Chinese Ambassador to Australia Suggests Australian Writer Yang Hengjun May Escape Execution

Last Updated on March 11, 2024 4:08 am

In a surprising turn of events, China’s Ambassador to Australia, Xiao Qian, revealed on Monday that the suspended death sentence handed down to Australian writer Yang Hengjun last month might not be executed if he refrains from committing further crimes. Speaking at the Australian Financial Review Business Summit, Ambassador Xiao stated that the suspended sentence on espionage charges, issued by a Beijing court, does not automatically entail immediate execution for Yang.

Highlighting the conditional nature of the sentence, Ambassador Xiao emphasized that if Yang abides by the terms of his imprisonment and avoids any additional criminal activities, “theoretically there is a chance he will not be executed.” This marks the first instance of a Chinese official acknowledging the possibility of Yang escaping the death penalty.

Addressing concerns about Yang’s health, Xiao downplayed the severity, stating that while it is “not perfect,” it does not align with the depiction provided by Yang’s family.

Yang Hengjun, a pro-democracy blogger and spy novelist, is an Australian citizen born in China. Before his arrest at Guangzhou airport in 2019, he was working in New York. Last month, a Beijing court handed him a suspended death sentence on espionage charges after five years in detention and three years following his closed-door trial, shocking his family and supporters.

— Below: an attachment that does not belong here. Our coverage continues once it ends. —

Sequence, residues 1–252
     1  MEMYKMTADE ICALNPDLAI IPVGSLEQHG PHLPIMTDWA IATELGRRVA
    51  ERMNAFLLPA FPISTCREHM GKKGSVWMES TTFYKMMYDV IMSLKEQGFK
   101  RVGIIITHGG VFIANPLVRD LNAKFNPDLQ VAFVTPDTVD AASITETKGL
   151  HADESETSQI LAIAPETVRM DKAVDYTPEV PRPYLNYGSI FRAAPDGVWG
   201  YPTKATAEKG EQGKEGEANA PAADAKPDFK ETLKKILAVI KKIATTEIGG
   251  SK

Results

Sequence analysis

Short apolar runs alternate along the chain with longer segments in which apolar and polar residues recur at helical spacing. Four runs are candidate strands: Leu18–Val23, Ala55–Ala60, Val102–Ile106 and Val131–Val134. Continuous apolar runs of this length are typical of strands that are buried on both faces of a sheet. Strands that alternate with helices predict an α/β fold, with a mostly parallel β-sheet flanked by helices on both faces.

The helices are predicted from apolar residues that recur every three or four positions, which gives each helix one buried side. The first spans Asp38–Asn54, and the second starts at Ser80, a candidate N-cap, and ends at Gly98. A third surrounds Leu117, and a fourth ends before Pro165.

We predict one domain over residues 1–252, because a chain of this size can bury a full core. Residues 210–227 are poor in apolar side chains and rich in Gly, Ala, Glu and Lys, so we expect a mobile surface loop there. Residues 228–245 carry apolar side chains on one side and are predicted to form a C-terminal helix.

Yang chose not to appeal the decision, according to his family, in order to expedite urgently needed medical care for a serious kidney condition. Despite the suspended death sentence, Yang remains in prison, and details of the case have not been officially disclosed.

Yang has consistently denied any wrongdoing, asserting that he never worked as a spy for a foreign country. He previously worked for China’s Ministry of State Security for a decade, including assignments in Hong Kong and Washington, before resigning and moving to Australia.

In China, a suspended death sentence grants the accused a two-year reprieve from execution, after which the sentence is automatically converted to life imprisonment. Yang’s family has declared him a political prisoner, challenging the validity of espionage accusations and criticizing the failure to extract any confession related to alleged activities dating back 30 years.

Leave a Reply

Your email address will not be published. Required fields are marked *